On May 11, 2022, the Israeli Defense Force (IDF) shot and killed Palestinian-American journalist Shireen Abu Akleh. She had arrived in the city of Jenin in the West Bank to report on Israeli raids taking place on a Palestinian refugee camp when she was shot behind the ear and killed. Abu Akleh and the other Al-Jazeera correspondents were wearing clearly labeled “PRESS” jackets and helmets when they were fired upon by IDF snipers. Abu Akleh’s colleague, Ali al-Samoudi, was shot in the back by Israeli fire but now remains in stable condition.
Working as a field correspondent for Al Jazeera since 1997, Abu Akleh became one of the first female journalists in the region, leaving behind a celebrated legacy for young female journalists. The funeral procession for Shireen Abu Akleh took place on May 13, 2022, in occupied East Jerusalem where thousands of mourners gathered to march from St. Louis French Hospital. Before Shireen could be laid to rest, Israeli forces attacked the crowd and severely beat the individuals carrying her coffin. After the news of Abu Akleh’s murder was circulated, protests broke out across the globe in solidarity to call for justice and for Israel to be held accountable.
Unfortunately, but perhaps unsurprisingly, the murder of Shireen Abu Akleh is not an isolated incident. There is a considerable pattern of journalists covering the illegal Israeli occupation of the Palestinian Territories being targeted by the Israeli security state. But how does Israel keep getting away with blatant criminal acts?
Israeli Violence Against Palestinian Journalists
The IDF has consistently used violence as a tactic to suppress any reporting on the Israeli occupation. The murder of Shireen Abu Akleh by Israeli forces, and the subsequent attack on her supporters during her funeral procession demonstrate the further silencing of Palestinians. Her murder also shows just how emboldened Israel feels to carry out the arbitrary killings of Palestinian civilians.
Not one month later, on June 1, 2022, Israeli forces shot and killed another Palestinian journalist, Ghufran Harun Warasneh, age 31, on her commute to her new job at the local news agency, Dream. In a scene eerily similar to that of Abu Akleh’s death, Israeli soldiers prevented medics from attending to Warasneh’s wounds and left her lying on the ground in critical condition before she was pronounced dead at the hospital. Palestinian journalist, Merfat Sadiq explained that this was “part of an escalation against Palestinian reporters in the past year” noting that “women journalists, in particular, are deemed an easier target” with “repeated attacks against female journalists covering the flag march in Jerusalem and in Nablus.”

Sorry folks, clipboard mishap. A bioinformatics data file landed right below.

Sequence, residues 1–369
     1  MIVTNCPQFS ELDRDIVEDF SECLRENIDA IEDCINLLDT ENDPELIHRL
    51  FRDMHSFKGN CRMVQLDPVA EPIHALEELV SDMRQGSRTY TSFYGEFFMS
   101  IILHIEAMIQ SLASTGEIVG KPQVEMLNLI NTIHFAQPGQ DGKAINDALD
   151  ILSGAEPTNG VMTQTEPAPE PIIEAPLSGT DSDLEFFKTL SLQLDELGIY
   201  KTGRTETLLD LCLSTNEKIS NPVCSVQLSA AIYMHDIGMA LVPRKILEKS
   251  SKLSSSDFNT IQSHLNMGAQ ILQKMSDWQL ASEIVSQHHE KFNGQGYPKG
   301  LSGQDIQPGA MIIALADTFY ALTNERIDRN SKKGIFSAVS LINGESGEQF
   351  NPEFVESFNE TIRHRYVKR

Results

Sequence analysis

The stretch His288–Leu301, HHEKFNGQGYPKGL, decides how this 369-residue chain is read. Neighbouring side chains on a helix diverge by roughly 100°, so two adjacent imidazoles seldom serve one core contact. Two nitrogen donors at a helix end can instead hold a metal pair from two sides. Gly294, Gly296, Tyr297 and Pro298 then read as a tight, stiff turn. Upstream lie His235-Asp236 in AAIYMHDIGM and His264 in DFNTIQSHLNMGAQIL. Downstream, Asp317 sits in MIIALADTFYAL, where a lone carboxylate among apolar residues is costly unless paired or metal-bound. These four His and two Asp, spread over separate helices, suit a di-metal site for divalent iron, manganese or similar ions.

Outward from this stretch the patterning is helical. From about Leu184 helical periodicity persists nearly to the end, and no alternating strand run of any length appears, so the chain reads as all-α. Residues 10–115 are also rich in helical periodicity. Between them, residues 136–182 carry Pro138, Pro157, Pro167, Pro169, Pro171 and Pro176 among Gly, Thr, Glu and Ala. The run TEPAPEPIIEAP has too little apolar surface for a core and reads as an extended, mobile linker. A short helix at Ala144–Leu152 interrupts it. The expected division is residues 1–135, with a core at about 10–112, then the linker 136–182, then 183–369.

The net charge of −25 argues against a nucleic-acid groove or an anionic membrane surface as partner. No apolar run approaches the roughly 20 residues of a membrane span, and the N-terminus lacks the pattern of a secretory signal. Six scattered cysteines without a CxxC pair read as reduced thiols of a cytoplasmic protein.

Shireen Abu Akleh and Ghuran Harun Warasneh are only two of the many Palestinian journalists who have been killed while reporting on the Israeli occupation. The United Nations Human Rights Office of the High Commissioner documents that “[m]ore than 40 Palestinian journalists have reportedly been killed since 2000, with hundreds injured or targeted for violence.” In 2014 specifically, Israel launched one of the most violent attacks on Gaza that Palestinians have experienced to date. That year, seventeen Palestinian journalists were killed by Israeli strikes during the assault on Gaza. The repeated attack on journalists demonstrates the need for an international body to hold Israel accountable for its campaign of violence.
Protections and Rights of Journalists Under International Law
Under international law, journalists are afforded the same rights and protections as civilians in times of war and armed conflict. Article 4 of the Third Geneva Convention codifies the rights of prisoners of war, noting that “war correspondents” fall into this category for protection. Article 79 of the Additional Protocols to the Geneva Conventions further strengthens the Third Geneva Convention by establishing “measures of protection for journalists.” As journalists are considered civilians under international law, they cannot be regarded as military personnel and thus cannot be targeted as such.
Following the Second Intifada, Israel instituted a protocol that would initiate an investigation by the Israeli Military Police Criminal Investigation Division (Metzah) in situations where unarmed Palestinian civilians were killed by Israeli forces. Initially, the IDF claimed that they were shooting at armed Palestinians when Abu Akleh was shot by flying bullets, and thus a probe was not initiated. The IDF has backtracked on its claim following refutation by Israeli human rights organisation B’Tselem. The Israeli government has since said it would open a probe if the Palestinian Authority (PA) transfers Abu Akleh’s body and the bullet that killed her to Israel for investigation.
The history of accountability through Israeli state and military investigations is insufficient. While covering protests near the eastern border of the Gaza strip in 2018, Palestinian photographer Yasser Murtaja, age 30, was killed by an Israeli soldier. The military’s investigation did not find the soldier to be responsible for a criminal act. Rather, they inaccurately claimed that Yasser Murtaja was a member of the Islamist group Hamas, in order to justify the killing by the Israeli soldier.